Life story: Inquisitive photographer Leonard Wesney 'marched to his own drum'
OBITUARY: Leonard Wesney's photographs grace international galleries and illustrate news stories – but they often raise more questions than they answer.
Negatives of his shots were kept tucked away in plastic folders under his bed at his small Cashel St home, in central Christchurch. His prints were on display throughout the country, including at the Auckland Art Gallery, Te Papa and the Christchurch Art Gallery.
A "typical photographer", he never liked having his own photo taken, his sister Brenda Abbott said. But he was never far away, usually with a camera slung around his neck scouting out the next shot.
The inquisitive southern man, who had an eye for detail, would shoot dozens of frames them select the perfect one. Each time, he slightly adjusted the lighting, composition and angle, capturing a story through the lens.
Often going unnoticed, the private and humble man would capture portraits of neighbours, strangers and striking black-and-white landscapes. Wesney, 71, died in a fire in his home on August 14.
A founder of modern photography in New Zealand, he was skilled beyond his years even as an amateur.
His "tantalising" shot of an inconspicuous man dozing on the Cook Strait ferry under a photograph of the Queen, was acclaimed for its "absurd juxtapositions", Te Papa photography curator Athol McCredie said.
It took 23 frames to perfect while his subject adjusted his position on the bench, unaware he was being photographed.
"Someone is simply trying to relieve the tedium of the voyage by taking a nap but Wesney was alert to the contrast in direction of faces . . .and the bizarre image of the industrial quality barrier deemed necessary to protect the sovereign," McCredie said.
"Even when I had finished, he did not stir from his slumber. I think Her Majesty was more aware of the proceedings," Wesney recalled in an article he later wrote about the shoot.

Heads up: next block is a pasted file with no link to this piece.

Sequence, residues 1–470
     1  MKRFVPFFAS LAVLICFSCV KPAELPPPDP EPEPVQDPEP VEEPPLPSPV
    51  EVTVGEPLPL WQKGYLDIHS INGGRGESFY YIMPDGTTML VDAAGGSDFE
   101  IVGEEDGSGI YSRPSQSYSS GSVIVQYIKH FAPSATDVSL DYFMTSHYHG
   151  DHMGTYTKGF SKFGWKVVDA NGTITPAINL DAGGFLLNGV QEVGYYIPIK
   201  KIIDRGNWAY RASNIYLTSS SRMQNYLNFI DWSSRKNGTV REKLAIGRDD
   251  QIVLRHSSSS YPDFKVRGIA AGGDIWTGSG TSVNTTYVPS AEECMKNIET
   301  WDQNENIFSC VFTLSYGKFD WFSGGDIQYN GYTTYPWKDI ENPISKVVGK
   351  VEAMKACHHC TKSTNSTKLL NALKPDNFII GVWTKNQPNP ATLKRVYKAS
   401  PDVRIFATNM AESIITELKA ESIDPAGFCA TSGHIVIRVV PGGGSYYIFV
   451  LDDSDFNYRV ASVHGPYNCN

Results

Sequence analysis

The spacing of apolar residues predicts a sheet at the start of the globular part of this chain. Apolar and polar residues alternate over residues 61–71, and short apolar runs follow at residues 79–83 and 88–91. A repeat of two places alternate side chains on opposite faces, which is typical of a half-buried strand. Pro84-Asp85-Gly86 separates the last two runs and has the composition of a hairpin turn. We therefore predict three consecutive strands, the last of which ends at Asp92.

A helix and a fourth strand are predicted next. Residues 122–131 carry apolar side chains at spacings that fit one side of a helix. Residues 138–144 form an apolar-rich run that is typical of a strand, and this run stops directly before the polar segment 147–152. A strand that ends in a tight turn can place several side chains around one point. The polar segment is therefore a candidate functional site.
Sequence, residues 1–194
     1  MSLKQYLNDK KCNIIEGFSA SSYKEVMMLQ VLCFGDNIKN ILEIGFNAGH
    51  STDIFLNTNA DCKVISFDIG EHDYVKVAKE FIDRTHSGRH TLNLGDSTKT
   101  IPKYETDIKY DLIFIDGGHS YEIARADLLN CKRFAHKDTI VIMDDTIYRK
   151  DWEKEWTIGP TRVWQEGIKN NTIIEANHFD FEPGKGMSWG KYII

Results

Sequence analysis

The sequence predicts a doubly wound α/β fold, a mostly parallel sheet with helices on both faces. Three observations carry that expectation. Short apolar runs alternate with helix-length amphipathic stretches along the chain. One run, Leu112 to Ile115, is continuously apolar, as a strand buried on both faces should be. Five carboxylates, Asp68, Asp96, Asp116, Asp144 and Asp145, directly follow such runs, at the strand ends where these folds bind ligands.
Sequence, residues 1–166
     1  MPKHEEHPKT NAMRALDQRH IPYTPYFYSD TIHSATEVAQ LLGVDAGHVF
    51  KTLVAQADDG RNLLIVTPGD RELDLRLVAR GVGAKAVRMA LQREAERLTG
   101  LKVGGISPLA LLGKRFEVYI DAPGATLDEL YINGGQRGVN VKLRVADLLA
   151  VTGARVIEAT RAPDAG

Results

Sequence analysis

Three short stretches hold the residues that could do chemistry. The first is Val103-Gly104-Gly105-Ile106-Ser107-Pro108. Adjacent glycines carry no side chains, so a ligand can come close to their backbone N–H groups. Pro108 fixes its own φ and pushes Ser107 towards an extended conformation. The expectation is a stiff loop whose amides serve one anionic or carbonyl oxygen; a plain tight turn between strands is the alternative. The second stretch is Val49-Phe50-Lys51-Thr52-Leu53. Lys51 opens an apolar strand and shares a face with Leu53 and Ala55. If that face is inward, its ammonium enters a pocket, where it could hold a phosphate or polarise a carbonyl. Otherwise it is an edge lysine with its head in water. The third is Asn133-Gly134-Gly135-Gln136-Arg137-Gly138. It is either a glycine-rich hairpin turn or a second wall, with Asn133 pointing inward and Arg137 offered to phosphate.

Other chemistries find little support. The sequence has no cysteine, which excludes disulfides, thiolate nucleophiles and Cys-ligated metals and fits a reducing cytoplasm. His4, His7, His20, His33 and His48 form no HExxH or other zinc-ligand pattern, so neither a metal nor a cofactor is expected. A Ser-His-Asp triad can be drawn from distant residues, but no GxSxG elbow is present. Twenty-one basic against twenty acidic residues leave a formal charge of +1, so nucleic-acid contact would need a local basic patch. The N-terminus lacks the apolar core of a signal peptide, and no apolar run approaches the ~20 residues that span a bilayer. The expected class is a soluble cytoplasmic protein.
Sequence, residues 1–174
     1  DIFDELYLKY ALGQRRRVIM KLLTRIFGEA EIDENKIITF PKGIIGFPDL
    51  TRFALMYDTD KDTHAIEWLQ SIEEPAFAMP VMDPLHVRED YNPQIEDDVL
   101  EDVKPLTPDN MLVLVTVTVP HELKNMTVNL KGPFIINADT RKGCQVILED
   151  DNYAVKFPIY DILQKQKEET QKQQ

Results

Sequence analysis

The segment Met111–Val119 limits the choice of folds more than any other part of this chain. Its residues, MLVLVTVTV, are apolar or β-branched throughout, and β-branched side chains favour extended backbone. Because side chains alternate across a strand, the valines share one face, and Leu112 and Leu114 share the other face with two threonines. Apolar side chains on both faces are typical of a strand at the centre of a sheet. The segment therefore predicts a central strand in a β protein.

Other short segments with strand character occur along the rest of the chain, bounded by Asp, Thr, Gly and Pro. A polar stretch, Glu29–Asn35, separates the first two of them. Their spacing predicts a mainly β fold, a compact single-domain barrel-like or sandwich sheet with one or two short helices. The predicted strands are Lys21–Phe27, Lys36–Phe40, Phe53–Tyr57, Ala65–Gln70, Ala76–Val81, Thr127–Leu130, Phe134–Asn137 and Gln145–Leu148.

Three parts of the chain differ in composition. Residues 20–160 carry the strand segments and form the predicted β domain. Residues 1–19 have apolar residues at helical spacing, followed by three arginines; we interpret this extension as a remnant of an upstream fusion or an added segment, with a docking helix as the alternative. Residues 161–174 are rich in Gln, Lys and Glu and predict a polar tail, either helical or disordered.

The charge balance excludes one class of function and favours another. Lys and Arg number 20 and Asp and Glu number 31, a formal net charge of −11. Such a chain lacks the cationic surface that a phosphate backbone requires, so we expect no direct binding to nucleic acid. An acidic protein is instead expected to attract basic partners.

Born in 1946 in Invercargill, he was a member of the Southland Photographic Society as a teenager. He studied painting at the Canterbury School of Fine Arts for a year, then moved to the United Kingdom and studied photography at the Guildford School of Art until 1967.
The following year, as a 21-year-old, he had his first solo show at London's Qantas Galleries.
Leading photographers applauded his work and he soon secured pages in prestigious publications such as Creative Camera, Photography Year Book, and the British Journal of Photography Annual, as well as freelance magazine work.
McCredie said Wesney was a "strong believer in the expressive potential of photography" and had said photography meant so much to him it would be "difficult to apply it professionally".
"But it makes hard living worthwhile."
The accomplished photographer returned to New Zealand and started a decade-long role with The Christchurch Star in the early 70s. Former colleague John McCombe said Wesney was one of six staff photographers at the paper and could "certainly produce the goods".
"He was a photographer who marched to his own drum," he said.
While there, he ventured into journalism and wrote a monthly column on contemporary photography and reviews of photography books and exhibitions. He showed in his only solo exhibition in the country at Whanganui's McNamara Gallery in 2004.
Paul McNamara, the gallery owner, recalled Wesney as a "very fine photographer and a pleasure to work with".
"I will miss his enthusiasm for photography."
Wesney was the "treasured brother" and only son in a family of six. He is survived by four sisters and many nieces and nephews. His funeral was held on August 18 at the Canterbury Crematorium Chapel.
Negatives of his photographs that escaped smoke damage were treated and preserved.